Jean Richardson, Moderator, Tuesday evening panel
An experienced writer, trainer, and public speaker, Jean Richardson has been working in hardware and software development environments since 1989. During that time, she has designed and implemented a number of communications programs, managed dozens of projects, built large and small co-located and distributed teams, led process improvement initiatives, and led professional development and education efforts for software developers in all specialties.
As a businessperson, she is firmly aware of the value– as well as the cost- of excellent customer service. She cautions fellow consultants against too strictly applying the adage “it’s just business,” because business is done by human beings. She has learned that basic human issues are at the root of most conflicts and most customer/vendor, employer/employee, or client/consultant disputes. Jean believes that if we ignore this basic fact we dehumanize ourselves and imperil our society.
Her client list boasts a wide range of businesses including ADP, Chrome Systems, Intel, Freightliner, Kaiser Permanente, Kryptiq Corporation, Mentor Graphics, and US Bank.
Jon Meads became concerned with the need to design interactive systems that meet users’ perceptual and cognitive needs as well as their practical and functional requirements. As a software engineer and manager, he was instrumental in pioneering and developing interactive windowing systems (pre-Macintosh). He then started to focus more directly on user-centered design and methodologies for developing usable systems. He has been a software engineer and manager at Tektronix, Intel, and Four-Phase Systems and served with Bell Northern Research’s Corporate Design Group as an in-house consultant on human-computer interaction.
Currently Jon is president of Usability Architects, Inc., a consulting and contracting firm, specializing in designing the user experience and providing support for the full usability engineering lifecycle from product definition and user studies to the specification, design, and development of usable systems through user-centered methodologies and practices.
Jon is a past Chair of ACM/SIGGRAPH, a co-founder of the Annual SIGGRAPH conferences, has served on the Advisory Board for the ACM’s Special Interest Group on Computer-Human Interaction (SIGCHI), was a Co-Chair for CHI ’90, the 1990 Conference on Human Factors in Computing Systems, and was an ACM National Lecturer lecturing on user interface concepts and techniques.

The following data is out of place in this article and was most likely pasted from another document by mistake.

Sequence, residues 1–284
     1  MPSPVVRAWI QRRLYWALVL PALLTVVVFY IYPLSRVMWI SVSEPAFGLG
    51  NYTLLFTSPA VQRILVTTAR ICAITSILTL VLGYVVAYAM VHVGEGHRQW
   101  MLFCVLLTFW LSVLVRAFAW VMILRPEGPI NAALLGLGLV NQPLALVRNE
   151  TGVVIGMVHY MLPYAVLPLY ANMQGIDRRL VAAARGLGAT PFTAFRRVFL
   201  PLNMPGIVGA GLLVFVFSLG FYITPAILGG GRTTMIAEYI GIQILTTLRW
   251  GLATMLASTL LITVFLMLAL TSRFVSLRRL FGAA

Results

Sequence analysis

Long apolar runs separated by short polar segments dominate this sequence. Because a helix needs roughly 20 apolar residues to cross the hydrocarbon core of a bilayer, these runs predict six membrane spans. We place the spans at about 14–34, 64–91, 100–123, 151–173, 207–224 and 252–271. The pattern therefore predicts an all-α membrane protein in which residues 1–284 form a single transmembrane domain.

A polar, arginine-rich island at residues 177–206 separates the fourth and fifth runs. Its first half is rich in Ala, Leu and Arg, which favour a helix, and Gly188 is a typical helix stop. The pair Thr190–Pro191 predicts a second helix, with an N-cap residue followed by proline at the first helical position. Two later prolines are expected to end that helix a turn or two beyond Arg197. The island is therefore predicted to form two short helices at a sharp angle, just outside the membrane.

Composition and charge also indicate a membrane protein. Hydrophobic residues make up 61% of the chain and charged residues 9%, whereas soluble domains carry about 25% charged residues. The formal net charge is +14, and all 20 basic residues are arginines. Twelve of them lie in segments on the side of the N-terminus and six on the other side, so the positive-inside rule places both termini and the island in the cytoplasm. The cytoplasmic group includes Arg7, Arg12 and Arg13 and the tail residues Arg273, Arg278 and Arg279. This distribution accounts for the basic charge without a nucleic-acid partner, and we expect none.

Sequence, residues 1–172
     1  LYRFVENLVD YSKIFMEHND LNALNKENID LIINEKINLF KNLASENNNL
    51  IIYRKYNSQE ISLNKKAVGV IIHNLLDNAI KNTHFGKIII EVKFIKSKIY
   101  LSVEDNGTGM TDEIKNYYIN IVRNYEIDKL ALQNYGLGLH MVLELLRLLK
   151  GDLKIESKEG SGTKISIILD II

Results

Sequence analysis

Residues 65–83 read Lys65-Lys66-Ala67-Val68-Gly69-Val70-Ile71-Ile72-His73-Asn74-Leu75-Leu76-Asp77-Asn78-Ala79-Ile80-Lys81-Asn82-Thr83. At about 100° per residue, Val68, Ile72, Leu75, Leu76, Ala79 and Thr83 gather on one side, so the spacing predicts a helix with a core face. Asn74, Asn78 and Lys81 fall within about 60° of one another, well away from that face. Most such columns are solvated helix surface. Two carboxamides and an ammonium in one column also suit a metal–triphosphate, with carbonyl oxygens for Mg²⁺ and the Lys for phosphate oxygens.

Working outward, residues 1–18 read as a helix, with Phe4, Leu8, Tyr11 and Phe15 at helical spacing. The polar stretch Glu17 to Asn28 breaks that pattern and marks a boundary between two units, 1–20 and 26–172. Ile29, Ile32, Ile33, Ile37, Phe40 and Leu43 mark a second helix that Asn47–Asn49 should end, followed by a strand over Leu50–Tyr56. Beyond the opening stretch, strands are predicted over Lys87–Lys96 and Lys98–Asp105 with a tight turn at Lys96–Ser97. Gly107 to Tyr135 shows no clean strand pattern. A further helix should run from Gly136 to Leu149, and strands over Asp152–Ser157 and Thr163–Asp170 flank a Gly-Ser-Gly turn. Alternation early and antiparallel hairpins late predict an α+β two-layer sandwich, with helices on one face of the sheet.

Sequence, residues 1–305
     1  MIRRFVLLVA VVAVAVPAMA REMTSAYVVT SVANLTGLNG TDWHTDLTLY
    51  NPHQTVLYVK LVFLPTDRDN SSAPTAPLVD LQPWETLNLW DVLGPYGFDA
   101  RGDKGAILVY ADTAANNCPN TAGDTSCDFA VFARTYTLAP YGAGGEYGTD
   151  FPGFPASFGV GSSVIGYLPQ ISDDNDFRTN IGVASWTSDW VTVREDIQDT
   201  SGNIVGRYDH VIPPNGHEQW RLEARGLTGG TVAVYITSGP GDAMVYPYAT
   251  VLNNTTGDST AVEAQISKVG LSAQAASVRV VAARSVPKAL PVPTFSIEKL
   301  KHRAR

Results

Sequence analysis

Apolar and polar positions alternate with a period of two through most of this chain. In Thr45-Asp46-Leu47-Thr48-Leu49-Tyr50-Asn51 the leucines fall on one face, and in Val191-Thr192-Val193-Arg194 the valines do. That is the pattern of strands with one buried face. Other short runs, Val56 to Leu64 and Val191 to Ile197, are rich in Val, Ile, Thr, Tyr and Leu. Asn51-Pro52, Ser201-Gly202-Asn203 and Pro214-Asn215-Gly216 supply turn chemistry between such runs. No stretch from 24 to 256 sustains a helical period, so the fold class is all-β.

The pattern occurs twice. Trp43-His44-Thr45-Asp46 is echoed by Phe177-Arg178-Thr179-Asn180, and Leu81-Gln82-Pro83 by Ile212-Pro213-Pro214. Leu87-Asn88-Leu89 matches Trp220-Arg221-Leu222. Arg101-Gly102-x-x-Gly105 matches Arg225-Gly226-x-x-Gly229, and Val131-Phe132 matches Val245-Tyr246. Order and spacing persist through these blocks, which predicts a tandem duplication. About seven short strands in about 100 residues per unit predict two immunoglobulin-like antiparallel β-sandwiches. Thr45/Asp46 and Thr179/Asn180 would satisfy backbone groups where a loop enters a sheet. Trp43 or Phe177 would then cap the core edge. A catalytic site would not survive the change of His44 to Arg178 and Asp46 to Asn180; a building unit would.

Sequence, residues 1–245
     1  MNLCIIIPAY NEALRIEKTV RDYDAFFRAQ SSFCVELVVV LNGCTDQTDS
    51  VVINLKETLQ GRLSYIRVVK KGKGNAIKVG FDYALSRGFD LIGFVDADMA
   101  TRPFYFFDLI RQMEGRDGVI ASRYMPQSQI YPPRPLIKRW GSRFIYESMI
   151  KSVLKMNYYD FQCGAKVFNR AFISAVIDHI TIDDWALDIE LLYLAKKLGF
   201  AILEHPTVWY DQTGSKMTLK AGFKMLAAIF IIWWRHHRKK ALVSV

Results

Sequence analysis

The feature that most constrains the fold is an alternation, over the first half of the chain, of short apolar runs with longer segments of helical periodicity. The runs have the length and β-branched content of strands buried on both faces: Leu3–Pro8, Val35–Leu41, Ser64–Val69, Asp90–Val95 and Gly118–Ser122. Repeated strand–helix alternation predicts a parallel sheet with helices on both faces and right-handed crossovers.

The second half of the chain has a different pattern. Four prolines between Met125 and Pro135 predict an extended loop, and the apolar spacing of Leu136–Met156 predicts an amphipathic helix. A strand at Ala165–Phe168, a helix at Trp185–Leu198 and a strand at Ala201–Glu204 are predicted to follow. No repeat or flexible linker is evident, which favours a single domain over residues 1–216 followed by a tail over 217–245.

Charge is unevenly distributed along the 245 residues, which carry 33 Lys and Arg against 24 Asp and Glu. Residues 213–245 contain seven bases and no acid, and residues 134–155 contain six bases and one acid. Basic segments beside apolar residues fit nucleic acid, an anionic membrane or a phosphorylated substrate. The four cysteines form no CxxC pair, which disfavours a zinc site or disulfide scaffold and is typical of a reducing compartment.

Scott Meyers is an independent author and consultant with over three decades of experience in software development practice and research. His perennially best-selling “Effective C++” books (Effective C++, More Effective C++, and Effective STL) defined a new genre in technical publishing, and his Effective C++ CD introduced several innovations in the web-based presentation of technical material.
Scott is Consulting Editor for Addison Wesley’s Effective Software Development Series and an inaugural member of the Advisory Board for the online journal, The C++ Source (http://www.artima.com/cppsource).
His current interests focus on domain- and language-independent principles for improving software quality. He received his Ph.D in Computer Science from Brown University.
Ben Waldron, Chief Technology Officer at Pop Art, Inc. has over 10 years of technology industry experience as a developer, consultant, and systems architect. Ben spent the majority of his career with Microsoft as a Senior Consultant architecting broad-based solutions for corporate and government customers where, in 2003, he was awarded Consultant of the Year for Microsoft Federal. Ben later served as Chief Architect for Learning.com providing web-based online instructional material and assessments to students worldwide.
Ben is a frequent author of featured articles in technical publications such as MSDN Magazine and .NET Developer’s Journal typically focusing on improving software quality and predictability. He holds a Bachelors degree in Computer Science from Saint Joseph’s College, IN and a Masters Degree in Systems Engineering from Virginia Tech.
Todd Williams is President of eCameron, Inc., which specializes in managing projects that are high risk and recovering projects that are in trouble. He has provided Information Technology and Manufacturing businesses with Project Management and Analysis/Design services for over 20 years. He works internationally and locally helping companies like Hewlett-Packard, Brooks Automation, and Digital Equipment.